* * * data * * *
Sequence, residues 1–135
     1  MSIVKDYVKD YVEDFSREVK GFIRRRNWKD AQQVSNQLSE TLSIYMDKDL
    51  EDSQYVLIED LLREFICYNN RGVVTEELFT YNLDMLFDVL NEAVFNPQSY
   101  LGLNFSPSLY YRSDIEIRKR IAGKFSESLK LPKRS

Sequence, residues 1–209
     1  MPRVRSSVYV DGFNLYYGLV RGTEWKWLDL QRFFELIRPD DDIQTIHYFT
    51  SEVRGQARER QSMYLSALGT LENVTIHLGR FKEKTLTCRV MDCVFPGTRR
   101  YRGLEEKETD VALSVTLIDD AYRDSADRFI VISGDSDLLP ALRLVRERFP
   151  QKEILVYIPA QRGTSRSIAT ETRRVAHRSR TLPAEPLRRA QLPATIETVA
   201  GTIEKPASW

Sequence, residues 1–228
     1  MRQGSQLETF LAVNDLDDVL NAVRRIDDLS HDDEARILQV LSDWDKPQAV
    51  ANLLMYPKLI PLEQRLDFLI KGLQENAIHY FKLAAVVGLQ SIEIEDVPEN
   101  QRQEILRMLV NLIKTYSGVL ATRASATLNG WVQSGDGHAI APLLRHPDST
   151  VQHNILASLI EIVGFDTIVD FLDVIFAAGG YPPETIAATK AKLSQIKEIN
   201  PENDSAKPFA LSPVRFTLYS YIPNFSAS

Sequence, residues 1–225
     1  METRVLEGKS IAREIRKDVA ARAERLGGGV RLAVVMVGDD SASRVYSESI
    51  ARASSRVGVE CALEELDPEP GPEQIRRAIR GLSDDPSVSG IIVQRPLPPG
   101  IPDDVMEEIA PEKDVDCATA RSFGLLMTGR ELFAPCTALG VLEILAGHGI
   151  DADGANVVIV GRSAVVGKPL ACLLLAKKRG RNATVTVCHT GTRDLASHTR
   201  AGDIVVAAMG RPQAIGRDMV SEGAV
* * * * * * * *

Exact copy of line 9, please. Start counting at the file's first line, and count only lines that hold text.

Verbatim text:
   151  QKEILVYIPA QRGTSRSIAT ETRRVAHRSR TLPAEPLRRA QLPATIETVA